its longtime account representative, Jim Muller. Transferring the business would mean that

Jim would have to pass it on to someone else. Both Gamma and Jim decided that this was

not a desired outcome so—in violation of bank rules—Gamma remained within the

regional branch office.

Only weeks after the sale of the shares to the Netherlands Holding Company, Jim

received a strange call. A manager of the leasing branch of a well-known bank competitor

informed him that it was buying all the receivables of Gamma Computer and that it would

pay the outstanding credit to Gamma since Second Savings would no longer be holding

the receivables as collateral. But the leasing bank also asked for a guarantee that it could sell

back the receivables to Gamma at any time and that Second Savings would finance the sale.

Since the overall risk picture for the bank didn’t change, Jim was agreeable, but thought the

transaction very odd. When Jim asked Herbert about the reason for this somewhat strange

arrangement, he was told that the holding company asked for the move. Herbert added

that he did not understand it either, but since Netherlands Holding Company was the new

boss, he did not ask questions.

The sale of the receivables was finished by March 15, only two weeks before Gamma’s

end of the fiscal year on March 31. Eight weeks later, Gamma Computer bought back the

entire group of receivables, which were again pledged to Second Savings, and the bank

guarantee was rescinded. So within three months, the situation looked the same as before:

Second Savings Bank had outstanding credit backed with receivables of Gamma

Computer. The reason for this convoluted transaction would be become clear later.

Here Today, Gone Tomorrow

In October of that same year, Gamma Computer, Inc. declared bankruptcy because it

could not pay its invoices on time, which in Austria is a cause for bankruptcy. One of the

main reasons for the sale to the holding company was Netherlands Holding Company’s

insatiable need for additional revenues to show on its consolidated balance sheets. Herbert

argued convincingly that Gamma’s steep growth would continue if only it had more

financing. But the increased sales didn’t materialize, and the company was deeply in debt.

The sudden death of Gamma Computer was a shock for Second Savings Bank. It was

totally unaware of the deep financial troubles of its customer—or so the bank said. But the

here today, gone tomorrow 529

Wells4689_c55_1 05/31/2007 530

bank was in a relatively comfortable position because it owned all the receivables as a

backing for the credit line. And those receivables seemed to be almost as safe as real money

because they were owed by slow but steady-paying government agencies and departments.

Second Savings thought that it would be only a matter of time before the outstanding

credit would be reimbursed. It was wrong.

Soon Second Savings became worried and decided to contact each debtor and ask for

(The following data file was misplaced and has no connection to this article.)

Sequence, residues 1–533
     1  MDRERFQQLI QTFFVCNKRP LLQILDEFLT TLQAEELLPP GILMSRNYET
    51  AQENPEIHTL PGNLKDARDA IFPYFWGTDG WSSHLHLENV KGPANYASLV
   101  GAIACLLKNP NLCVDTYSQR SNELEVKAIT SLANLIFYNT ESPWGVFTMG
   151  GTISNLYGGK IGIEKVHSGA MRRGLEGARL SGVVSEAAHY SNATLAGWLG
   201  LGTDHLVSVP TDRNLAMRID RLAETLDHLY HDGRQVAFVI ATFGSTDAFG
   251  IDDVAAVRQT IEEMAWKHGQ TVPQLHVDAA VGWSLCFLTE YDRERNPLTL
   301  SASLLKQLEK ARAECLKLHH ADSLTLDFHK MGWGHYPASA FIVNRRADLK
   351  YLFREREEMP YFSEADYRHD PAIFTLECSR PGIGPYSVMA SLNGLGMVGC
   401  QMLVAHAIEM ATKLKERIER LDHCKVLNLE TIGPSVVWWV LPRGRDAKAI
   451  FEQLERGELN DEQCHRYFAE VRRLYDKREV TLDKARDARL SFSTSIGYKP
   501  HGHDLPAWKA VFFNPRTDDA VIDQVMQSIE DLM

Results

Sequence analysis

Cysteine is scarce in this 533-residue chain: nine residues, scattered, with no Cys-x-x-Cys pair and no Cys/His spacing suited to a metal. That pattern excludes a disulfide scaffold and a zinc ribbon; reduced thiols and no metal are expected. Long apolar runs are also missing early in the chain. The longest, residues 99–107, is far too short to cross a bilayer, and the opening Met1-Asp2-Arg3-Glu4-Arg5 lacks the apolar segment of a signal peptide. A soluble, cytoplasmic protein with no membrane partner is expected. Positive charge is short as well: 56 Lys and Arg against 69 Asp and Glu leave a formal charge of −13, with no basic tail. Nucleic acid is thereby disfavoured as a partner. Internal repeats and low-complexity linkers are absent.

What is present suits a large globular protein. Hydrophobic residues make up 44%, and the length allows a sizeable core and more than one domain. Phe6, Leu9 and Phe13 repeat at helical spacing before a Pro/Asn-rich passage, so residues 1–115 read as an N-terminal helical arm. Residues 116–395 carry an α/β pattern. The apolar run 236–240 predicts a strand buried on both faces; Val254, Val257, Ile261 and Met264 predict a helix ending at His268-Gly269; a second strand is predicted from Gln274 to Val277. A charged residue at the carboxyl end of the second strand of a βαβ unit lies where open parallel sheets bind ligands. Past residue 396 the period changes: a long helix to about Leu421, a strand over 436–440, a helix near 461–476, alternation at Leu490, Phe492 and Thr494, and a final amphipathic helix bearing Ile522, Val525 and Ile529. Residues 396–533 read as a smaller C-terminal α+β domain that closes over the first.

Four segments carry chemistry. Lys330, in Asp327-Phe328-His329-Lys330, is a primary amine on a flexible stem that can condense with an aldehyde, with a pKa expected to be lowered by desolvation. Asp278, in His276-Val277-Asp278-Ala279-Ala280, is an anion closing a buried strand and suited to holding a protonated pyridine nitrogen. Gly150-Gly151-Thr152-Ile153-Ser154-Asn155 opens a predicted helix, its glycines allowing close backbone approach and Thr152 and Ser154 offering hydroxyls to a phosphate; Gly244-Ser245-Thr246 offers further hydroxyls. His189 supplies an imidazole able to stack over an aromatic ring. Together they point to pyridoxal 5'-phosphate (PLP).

direct confirmation of the outstanding balances. The responses were devastating. The

bank learned that in every instance, either the receivable never existed or the amount had

been paid months—or even years—ago. This was astonishing because the policy at Second

Savings stated that only receivables less than 180 days old could be accepted for collateral.

At this point, Second Savings decided to hand over the case to the public prosecutor’s

office, which engaged our forensic accounting firm to check the allegations against

Gamma and its management team—primarily Herbert Kearns.

Federal police seized a large amount of company records and documents, a load of

almost 5,000 three-ring binders, computers, hard disks, and other data. The main focus

was the allegation of the Second Savings Bank regarding the receivables, roughly $15

million, which it had reason to believe were fraudulent. So my team and I started with the

receivables first and analyzed how they had been created within Gamma’s accounting

system. Strangely, we found duplicate databases with very different data in each. Herbert

cooperatively explained to us that the company had two accounting systems for two lines

of business it engaged in: assembling services and direct sales. This fact, although strange,

would not have been a problem if the two systems showed the correct combined amounts.

But we found the same receivables in both. We also found many more databases, which

looked like backup or trial copies. Herbert explained this was due to some technical issues

they had with the integration of the accounting system of Gamma into the systems of the

Netherlands Holding Company.

Next, we found accounts receivable lists with the same date, but different totals—very

different. Herbert told the investigators that they had real problems trying to show the sale

of the receivables to the leasing company within the accounting system. He claimed that

this was also why alternate versions of the accounting data could be found on Gamma’s

computers. Even harder, he said, was getting the receivables back into the system when the

leasing company sold them back to Gamma a few months later.

We took the information and imported it into our data analysis software. The same

receivables could be found in different ‘‘versions’’ with different dates of origin and

different dollar amounts. It seemed that at least some of the receivables had been made to

look ‘‘younger’’ by changing their dates. Obviously, the 180-day bank rule could be met

more easily if Gamma could simply make the receivables seem current. These listings were

sent to the bank every month to prove that the outstanding credit was backed with enough

new receivables.

This was hard evidence that Gamma may have defrauded the bank by giving it falsified

data. When confronted, Herbert insisted that the changes were made with the full

knowledge of the bank because it knew that sometimes the government took longer than

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180 days to pay. He also said that the bank told them it was all right to change the dates so

that the list would comply with the rule.

We decided that the only way we could be certain of the validity of the receivables list